The Social Context of Health Risks and Resilience Among U.S. Adolescents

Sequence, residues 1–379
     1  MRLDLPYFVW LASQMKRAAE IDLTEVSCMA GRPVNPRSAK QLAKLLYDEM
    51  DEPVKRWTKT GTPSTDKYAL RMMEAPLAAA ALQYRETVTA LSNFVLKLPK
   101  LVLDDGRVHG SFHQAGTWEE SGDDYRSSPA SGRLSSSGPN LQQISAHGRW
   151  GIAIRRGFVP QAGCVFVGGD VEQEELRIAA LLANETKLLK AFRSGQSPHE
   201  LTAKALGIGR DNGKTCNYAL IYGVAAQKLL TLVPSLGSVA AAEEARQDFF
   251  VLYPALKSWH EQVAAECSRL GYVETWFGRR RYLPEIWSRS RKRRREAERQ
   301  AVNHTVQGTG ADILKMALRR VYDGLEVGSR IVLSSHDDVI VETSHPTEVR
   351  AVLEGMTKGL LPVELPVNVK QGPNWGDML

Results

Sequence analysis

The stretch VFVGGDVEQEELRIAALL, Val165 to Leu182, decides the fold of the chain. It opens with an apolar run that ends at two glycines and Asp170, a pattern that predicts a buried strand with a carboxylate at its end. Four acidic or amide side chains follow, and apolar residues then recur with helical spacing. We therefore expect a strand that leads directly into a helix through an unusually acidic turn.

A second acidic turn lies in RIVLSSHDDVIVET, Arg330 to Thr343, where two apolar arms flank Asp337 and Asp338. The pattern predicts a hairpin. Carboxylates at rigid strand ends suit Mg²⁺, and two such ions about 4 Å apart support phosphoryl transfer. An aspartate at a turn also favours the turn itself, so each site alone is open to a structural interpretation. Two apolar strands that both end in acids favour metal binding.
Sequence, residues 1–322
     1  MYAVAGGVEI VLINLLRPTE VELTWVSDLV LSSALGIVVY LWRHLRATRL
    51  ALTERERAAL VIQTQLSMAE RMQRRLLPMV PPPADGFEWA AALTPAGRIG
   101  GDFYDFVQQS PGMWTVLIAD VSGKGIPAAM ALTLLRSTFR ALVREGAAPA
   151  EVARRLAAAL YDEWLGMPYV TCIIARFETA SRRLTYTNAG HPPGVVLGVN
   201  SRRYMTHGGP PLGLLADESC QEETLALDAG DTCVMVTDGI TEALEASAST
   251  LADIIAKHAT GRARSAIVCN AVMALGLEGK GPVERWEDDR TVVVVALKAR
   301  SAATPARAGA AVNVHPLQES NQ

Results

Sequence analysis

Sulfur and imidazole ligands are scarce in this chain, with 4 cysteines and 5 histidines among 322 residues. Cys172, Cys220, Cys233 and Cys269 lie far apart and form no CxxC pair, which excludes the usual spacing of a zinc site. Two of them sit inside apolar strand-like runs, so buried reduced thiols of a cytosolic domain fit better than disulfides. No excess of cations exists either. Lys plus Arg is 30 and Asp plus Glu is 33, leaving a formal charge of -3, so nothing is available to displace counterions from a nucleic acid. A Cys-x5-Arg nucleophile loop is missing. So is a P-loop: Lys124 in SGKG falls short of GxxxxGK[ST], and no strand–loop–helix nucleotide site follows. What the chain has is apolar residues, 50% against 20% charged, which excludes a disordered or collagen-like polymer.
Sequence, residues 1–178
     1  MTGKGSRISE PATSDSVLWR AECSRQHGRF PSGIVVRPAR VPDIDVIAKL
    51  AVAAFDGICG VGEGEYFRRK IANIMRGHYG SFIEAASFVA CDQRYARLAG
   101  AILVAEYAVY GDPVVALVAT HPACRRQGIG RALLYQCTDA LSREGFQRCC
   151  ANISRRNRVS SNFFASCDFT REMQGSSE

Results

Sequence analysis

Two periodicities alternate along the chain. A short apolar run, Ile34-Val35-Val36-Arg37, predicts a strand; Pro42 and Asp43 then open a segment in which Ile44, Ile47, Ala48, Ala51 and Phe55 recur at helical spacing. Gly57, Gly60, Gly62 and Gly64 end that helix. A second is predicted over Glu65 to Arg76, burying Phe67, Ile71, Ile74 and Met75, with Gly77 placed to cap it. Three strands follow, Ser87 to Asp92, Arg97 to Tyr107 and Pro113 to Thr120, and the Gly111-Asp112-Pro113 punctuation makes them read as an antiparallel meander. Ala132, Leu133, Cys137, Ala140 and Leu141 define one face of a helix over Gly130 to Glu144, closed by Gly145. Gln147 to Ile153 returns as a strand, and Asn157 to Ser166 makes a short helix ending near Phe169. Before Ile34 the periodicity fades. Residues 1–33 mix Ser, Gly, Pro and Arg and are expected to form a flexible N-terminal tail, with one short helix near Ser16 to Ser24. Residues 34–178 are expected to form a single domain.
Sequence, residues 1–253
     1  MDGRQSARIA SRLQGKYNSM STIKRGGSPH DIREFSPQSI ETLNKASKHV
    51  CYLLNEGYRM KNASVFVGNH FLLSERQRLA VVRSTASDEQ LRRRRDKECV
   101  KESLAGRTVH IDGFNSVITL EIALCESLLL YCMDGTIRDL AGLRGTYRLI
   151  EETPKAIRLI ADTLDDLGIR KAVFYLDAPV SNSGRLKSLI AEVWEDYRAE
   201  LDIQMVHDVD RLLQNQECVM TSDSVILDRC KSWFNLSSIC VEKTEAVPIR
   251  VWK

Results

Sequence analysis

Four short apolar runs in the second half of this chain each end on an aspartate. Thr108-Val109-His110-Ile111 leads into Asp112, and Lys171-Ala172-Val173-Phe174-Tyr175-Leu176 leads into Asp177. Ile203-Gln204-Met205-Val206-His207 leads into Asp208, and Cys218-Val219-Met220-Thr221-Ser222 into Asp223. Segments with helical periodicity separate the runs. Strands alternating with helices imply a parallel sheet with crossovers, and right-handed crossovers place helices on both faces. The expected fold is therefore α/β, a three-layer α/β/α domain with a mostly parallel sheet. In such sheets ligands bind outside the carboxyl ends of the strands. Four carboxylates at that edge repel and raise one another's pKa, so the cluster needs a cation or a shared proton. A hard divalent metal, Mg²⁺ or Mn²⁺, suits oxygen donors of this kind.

Adolescence is a critical developmental stage where the health behaviors and choices that adolescents make have the potential to affect their long-term health and well-being (Centers for Disease Control and Prevention, 2014). This dissertation contributes three distinct studies on the contextual influences that shape adolescents' health behaviors. The first study, "The Role of Psychosocial Conditions on Sexually Transmitted Infection (STI) Risk among U.S. Young Adults," grounded in life course and syndemics theory, utilized logistic regressions to examine the role of co-occurring psychosocial conditions (childhood sexual abuse and physical abuse; depression and illicit drug use in adolescence) on STI infection (chlamydia and trichomoniasis) and sexual risk behaviors among U.S. young adults. Multiple co-occurring psychosocial conditions had an additive effect on sexual risk behaviors but no effect was observed on STIs. The second study, "Sexually Transmitted Infections and Neighborhood Poverty: The Role of Individual Resilience and Social Connectedness," utilized resilience and ecological systems theory, and logistic regressions to test if individual resilience and social connectedness (maternal, peer, and school) moderate the association between concentrated neighborhood poverty and STIs (chlamydia and trichomoniasis) among U.S. young adults. The study's main finding is that youth who reported more school connectedness and lived in high concentrated poverty in adolescence were less likely to test positive for chlamydia but were more likely to test positive for trichomoniasis. Utilizing a similar framework, "Sleeping in a Digital World: The Role of Excessive Media Use on Sleep Inadequacy Among U.S. Adolescents," examined family and neighborhood determinants that shape adolescent sleep behaviors. Grounded in the ecological systems theory and social learning theory, logistic regressions, stratified by age (aged 10-12 vs. 13-17), were used to examine the associations between excessive media use and sleep inadequacy. The study found that among older adolescents, sleep inadequacy was associated with excessive computer use. Older adolescents who watched television excessively and had media present in the bedroom were more likely to be sleep inadequate. Together, these three studies shed light on the different contextual environments in which adolescents experience health risks and resilience and will help to inform interventions that promote adolescent health and well-being.